The Faith of Journalism

A heathen editor confronts his own 'religion.'

It's not often a skunk gets invited to a garden party, so when an invitation comes, a skunk grabs it. A couple of weeks ago, I was invited to a conference put on by the Church Council of Greater Seattle that was inspired by an earlier Mossback column ("The God Wars," March 24), which was based on a study of religious practice—or the lack of it— in our region: Religion and Public Life in the Pacific Northwest: The None Zone, edited by Patricia O'Connell Killen and Mark Silk.

"The None Zone" refers to the fact that our part of the country is the least religious in America, in conventional terms at least. More than 60 percent of the population is not claimed by any church or religious group, and more than 30 percent say they have no religion at all. Nationally, in contrast, those numbers are only 40 percent and 20 percent, respectively.

As a "None," I look upon this state of affairs quite favorably. The pilgrims viewed the New World as "the last redoubt of paganism," and I like to think of the Northwest corner as the last redoubt's last stronghold. Some members of the Church Council would view it otherwise. They see us "Nones" as a call to action, perhaps even a temptation. The central theme of the conference at St. Mark's Cathedral on Capitol Hill was how to "minister" in the None Zone. Are churches simply failing to reach people here? Or is there something rooted in the regional character that makes us resistant to organization and conversion? And does it mean anything for the future of religion? As one person asked, are we a "backwater or a bellwether"?

I was asked to come as a representative "None," which I was happy to do when it was clear that I wasn't asked to speak on behalf of "nuns." The room was full of Christian do-gooders; nevertheless, they were very nice people. I was not prepared to offer any advice on the subject of ministering, because my core message was "leave us alone."

What I found much more difficult was where it left me in regard to my own spiritual feelings. I sweated profusely as I sat at the panel table trying to find ways to articulate the inarticulatable. I was brought up to believe that a person's religious and spiritual beliefs and practices were intensely private—a matter between you and your God, the trees, Odin, Darwin, Buddha, or the eternal nothingness, take your pick. Brushing up against these issues in a public forum made me uneasy. Yet I am very interested in spiritual questions and experience. This lives alongside a certain smugness I feel because I don't fit into any religious category I can name.

At least I thought I didn't. Earlier this year, I came across an incredibly interesting book that should be "must" reading for every journalist. It was written by Doug Underwood, the former Seattle Times reporter who is an associate pro­fessor in the communications department at the University of Washington. His 2002 study, From Yahweh to Yahoo!: The Religious Roots of the Secular Press, looks not only at the religious attitudes of members of the working press but at how the very notion of "crusading" journalism was biblically inspired. Editors and reporters have become latter-day prophets, steeped in reform movements that have been driven by religious faith. We channel that religious fervor, even unknowingly, into the pages of your local rag. Call it "dis­organized religion."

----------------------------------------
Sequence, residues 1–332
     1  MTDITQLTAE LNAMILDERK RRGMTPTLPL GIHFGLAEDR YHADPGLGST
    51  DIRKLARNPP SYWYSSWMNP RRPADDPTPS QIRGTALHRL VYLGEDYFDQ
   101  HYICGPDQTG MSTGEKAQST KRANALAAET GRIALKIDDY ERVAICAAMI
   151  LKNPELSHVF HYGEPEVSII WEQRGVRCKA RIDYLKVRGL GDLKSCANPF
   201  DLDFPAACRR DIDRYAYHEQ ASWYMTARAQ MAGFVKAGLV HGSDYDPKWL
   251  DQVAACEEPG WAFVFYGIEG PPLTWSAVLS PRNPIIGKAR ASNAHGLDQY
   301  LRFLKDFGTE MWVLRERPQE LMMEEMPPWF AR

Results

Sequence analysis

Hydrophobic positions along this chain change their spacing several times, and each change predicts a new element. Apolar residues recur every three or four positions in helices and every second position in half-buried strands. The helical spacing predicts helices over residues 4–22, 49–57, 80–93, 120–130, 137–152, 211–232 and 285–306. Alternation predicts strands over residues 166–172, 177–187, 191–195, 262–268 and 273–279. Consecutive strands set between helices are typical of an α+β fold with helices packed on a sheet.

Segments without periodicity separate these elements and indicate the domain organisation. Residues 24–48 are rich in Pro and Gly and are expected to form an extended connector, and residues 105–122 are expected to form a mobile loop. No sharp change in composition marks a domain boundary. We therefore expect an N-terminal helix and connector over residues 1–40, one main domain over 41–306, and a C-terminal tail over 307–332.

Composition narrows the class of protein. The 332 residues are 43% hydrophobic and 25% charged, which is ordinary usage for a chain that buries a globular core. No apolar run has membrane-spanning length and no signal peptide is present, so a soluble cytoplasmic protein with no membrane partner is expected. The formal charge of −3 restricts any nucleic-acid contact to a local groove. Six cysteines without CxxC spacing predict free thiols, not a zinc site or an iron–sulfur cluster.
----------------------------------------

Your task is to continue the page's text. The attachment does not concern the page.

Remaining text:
The media's underlying ideology, Underwood claims, is "a blend of Judaic notions of a chosen people with New Testament concepts of God's love for all humans and God's truth unfolding in the world." Our business, he says, is infused with these notions. I can attest that I've seen some messiah complexes in the newsroom. Who in this business doesn't want to kick around the money lenders or cast down the proud?

So it's humbling to discover that, though sleeping in on Sundays, I'm apparently working in the vineyards of the Lord during the week, at the paper. Who suspected that the godless media are actually a stealth faith-based initiative, secularized for the sake of the Constitution. Perhaps it's only our vanity that leads us to see journalism as a unique enterprise. The secular media might be a bulwark against religion, but Underwood shows that they are no barrier to the deep, religious passions that flow through the foundations of the trade, or the language and ideals of many journalists.

It occurs to me too that here in the "None Zone," those of us who eschew organized religion are still surrounded by an environment that is profoundly spiritual. Underwood quotes poet Walt Whitman as writing that "logic and sermons never convince," which I find true. "There is more truth, [Whitman] said, 'in the damp of the night.'" If dampness is truth, the Northwest must be among the holiest of shrines.

Patricia O'Connell Killen, who presented highlights from her book at the conference, concluded with the observation that in modern America, size matters in religion. Christian megachurches are growing, and their congregations—which number in the thousands—are a testament to their "truth." In that regard, she speculated that organized religion might be stymied here because "you can't build a sanctuary bigger than Mount Rainier."

The spiritual power of that mountain, then, is indeed profound. It serves as a kind of protective talisman for those of us seeking spiritual privacy, even those of us who aren't, apparently, practicing what we preach.

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